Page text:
Gray Maynard hopes change in scenery helps stave off retirement thoughts
Former UFC lightweight No. 1 contender Gray Maynard thought about retirement, but decided a move to Power MMA could reinvigorate his career.
Gray Maynard made the move to Power MMA with the hopes it will reignite his career.
Nick Laham/Zuffa LLC
By Marc Raimondi
Everyone on social media was saying it, so of course it entered Gray Maynard's head. At 35 years old with two straight TKO losses, thoughts of retirement were only natural.
"I didn’t know," Maynard told FOX Sports. "It was like, 'Man, do I stop?' It was just kind of a lot up in the air."
The former UFC lightweight top contender mulled it over with family and friends. After sorting out everything, Maynard decided he didn't need to hang up the gloves. He just needed a change.
In May, Maynard packed up and left the Santa Cruz, Calif., home where he lives with his wife and child and traveled to Power MMA in Gilbert, Ariz. Previously, Maynard had been commuting 45 minutes from Santa Cruz to American Kickboxing Academy in San Jose. He made the choice that in order to be at his best, he had to leave his family to focus on work.
I came to the conclusion that I needed to get to the gym, eat, sleep and train, instead of trying to think of everything else.
"I came to the conclusion that I needed to get to the gym, eat, sleep and train, instead of trying to think of everything else," said Maynard, who meets Ross Pearson in the co-main event of UFC Fight Night on FOX Sports 1 (10 p.m. ET) on Saturday.
Within the last few years, Maynard (11-3-1, 1 NC) bought the new home and welcomed his first baby. The focus he had when he went 11-1-1 (1 NC) to start his career was not quite there and he knew it.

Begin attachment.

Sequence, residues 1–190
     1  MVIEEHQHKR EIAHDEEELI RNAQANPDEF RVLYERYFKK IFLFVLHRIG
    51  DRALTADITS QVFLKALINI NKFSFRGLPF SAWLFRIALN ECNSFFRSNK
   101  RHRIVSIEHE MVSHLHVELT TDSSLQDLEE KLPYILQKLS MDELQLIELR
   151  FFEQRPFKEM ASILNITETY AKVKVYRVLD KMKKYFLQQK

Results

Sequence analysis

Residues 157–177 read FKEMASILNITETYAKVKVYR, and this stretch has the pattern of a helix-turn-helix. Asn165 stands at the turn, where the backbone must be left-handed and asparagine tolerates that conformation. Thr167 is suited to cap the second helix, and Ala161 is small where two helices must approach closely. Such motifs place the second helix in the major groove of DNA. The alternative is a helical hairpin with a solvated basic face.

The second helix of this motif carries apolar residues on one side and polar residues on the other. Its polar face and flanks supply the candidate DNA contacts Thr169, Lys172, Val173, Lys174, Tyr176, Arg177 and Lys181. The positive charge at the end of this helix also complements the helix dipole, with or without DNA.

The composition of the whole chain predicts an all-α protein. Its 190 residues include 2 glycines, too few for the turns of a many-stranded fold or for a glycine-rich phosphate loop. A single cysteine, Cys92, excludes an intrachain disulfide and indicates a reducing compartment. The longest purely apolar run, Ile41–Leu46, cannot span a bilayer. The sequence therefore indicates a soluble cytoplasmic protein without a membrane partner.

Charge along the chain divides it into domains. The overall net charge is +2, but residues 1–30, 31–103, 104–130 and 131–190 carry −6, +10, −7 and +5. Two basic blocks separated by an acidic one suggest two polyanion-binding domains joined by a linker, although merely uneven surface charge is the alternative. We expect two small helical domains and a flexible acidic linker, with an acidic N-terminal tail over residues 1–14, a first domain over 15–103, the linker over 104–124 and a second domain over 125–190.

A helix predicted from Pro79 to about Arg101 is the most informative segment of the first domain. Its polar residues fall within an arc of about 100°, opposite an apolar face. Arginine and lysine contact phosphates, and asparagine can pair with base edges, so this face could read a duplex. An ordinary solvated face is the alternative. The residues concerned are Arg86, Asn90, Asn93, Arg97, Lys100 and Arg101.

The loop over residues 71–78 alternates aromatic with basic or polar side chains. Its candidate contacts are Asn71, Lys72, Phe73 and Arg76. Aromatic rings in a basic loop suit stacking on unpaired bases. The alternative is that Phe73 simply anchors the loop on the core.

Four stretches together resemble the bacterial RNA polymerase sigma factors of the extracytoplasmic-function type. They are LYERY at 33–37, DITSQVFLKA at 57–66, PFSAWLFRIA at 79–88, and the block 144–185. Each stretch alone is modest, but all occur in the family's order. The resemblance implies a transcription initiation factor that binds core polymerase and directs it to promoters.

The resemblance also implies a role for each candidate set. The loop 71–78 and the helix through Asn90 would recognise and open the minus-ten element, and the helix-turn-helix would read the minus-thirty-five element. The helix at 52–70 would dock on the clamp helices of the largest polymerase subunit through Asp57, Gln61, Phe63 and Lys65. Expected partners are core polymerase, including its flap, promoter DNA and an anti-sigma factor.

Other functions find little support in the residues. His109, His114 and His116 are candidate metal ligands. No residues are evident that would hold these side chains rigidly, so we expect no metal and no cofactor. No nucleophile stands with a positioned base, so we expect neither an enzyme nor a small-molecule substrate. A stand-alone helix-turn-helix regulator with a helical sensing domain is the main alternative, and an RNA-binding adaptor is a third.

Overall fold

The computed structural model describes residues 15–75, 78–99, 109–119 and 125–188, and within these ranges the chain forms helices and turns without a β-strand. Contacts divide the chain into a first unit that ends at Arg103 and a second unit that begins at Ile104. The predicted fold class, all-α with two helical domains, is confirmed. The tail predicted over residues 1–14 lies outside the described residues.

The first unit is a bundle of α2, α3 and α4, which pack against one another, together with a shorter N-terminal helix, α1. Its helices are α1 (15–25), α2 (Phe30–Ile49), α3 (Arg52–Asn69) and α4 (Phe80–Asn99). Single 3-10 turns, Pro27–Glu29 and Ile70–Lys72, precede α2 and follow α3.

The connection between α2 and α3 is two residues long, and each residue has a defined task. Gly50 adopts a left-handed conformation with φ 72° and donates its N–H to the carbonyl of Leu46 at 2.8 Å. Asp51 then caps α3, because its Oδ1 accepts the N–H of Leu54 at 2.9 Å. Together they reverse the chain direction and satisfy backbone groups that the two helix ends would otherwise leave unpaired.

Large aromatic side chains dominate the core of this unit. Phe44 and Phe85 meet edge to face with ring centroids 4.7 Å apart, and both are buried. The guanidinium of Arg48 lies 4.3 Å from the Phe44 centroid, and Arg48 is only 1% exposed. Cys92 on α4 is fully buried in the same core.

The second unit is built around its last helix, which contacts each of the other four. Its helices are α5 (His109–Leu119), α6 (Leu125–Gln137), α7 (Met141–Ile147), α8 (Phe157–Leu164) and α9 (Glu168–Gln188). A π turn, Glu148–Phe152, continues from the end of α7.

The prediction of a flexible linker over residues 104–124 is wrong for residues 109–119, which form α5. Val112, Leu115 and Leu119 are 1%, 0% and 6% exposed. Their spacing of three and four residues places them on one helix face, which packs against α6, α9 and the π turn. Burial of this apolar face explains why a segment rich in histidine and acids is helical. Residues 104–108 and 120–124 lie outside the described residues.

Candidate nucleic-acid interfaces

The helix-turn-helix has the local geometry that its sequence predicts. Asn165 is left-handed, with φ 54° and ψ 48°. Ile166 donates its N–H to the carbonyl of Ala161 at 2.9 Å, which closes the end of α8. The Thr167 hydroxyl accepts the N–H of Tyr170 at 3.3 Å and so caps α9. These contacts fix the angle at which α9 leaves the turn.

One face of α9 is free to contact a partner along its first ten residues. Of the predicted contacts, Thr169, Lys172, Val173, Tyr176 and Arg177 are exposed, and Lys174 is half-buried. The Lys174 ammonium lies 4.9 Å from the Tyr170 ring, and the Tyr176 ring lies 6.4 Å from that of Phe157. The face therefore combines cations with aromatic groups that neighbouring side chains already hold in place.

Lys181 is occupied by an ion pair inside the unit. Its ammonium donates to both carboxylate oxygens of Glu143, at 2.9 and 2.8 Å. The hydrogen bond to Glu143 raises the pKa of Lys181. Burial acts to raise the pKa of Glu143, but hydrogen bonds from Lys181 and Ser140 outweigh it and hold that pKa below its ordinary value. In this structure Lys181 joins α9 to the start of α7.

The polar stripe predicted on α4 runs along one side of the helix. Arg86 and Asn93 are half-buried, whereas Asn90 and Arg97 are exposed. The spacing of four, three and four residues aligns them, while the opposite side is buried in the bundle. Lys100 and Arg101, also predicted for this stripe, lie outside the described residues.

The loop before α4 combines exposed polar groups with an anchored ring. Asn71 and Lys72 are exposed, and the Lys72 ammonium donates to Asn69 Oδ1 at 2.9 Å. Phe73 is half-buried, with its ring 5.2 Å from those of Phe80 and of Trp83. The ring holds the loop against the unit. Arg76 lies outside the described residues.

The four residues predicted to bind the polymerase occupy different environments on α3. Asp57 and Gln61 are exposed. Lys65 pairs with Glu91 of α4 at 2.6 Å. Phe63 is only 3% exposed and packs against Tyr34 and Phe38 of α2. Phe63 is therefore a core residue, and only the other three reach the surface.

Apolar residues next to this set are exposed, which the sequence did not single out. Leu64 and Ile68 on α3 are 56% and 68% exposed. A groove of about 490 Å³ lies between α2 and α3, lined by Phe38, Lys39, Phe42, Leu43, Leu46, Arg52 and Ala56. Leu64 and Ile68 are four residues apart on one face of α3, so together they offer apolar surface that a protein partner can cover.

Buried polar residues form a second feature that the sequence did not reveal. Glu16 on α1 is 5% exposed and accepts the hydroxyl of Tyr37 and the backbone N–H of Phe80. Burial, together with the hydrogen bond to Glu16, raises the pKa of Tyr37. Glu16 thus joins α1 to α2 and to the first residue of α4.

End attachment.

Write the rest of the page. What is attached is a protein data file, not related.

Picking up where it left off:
"It's part of life and you just got to adjust," Maynard said. "I just don't think I was completely prepared in each of the losses. I got clipped and it was a mental lapse."
In Arizona, all Maynard really does is train and he's at one of the best up-and-coming camps in the country. Ryan Bader and C.B. Dollaway, both out of Power MMA, have been on a tear lately. Former UFC fighter Aaron Simpson is the head coach and Bader has been raving about the work of boxing coach Jose Benavidez Sr.
Gray Maynard's last two fights have not gone well for him -- a pair of TKO losses.
Josh Hedges/Zuffa LLC
Maynard has known Bader and Dollaway, both former star college wrestlers like Maynard, for a long time. The three also share the same manager in David Martin.
Maynard has been at Power for more than two months now. It has been a long, arduous camp, but for the first time recently he feels completely prepared heading into the fight with Pearson.
"I kind of understand that now why boxers fly to their camps," Maynard said.
Maynard, was originally supposed to fight Fabricio Camoes, thinks he matches up well with Pearson and this is the kind of fight he wanted anyway. Pearson is a name and Maynard still intends on climbing to the top of the lightweight ladder. That's one of the reasons, after two losses in a row to Nate Diaz and T.J. Grant, he was contemplating retirement.
"It was tossed around in my mind, but it never came out," he said "I'm a competitor. I hate to lose. I'm not here to do that. Two back-to-back. To a lot of people, it's like, 'Well he got clipped, he got a TKO.' I really didn’t have a chance to prove my skills and I have them. I just gotta be in a place where I can prepare."
That seems to be Power MMA and Maynard, who has only lost to elite fighters at 155, believes he is still on a title path. This is a guy who remains ranked No. 12 among contenders, which is hardly shabby.
"I'm here to have the belt," he said. "The moment where that's not a gamble, the kind of moment that's not my goal is a time to stop. But I just couldn’t understand what was going on and why that happened."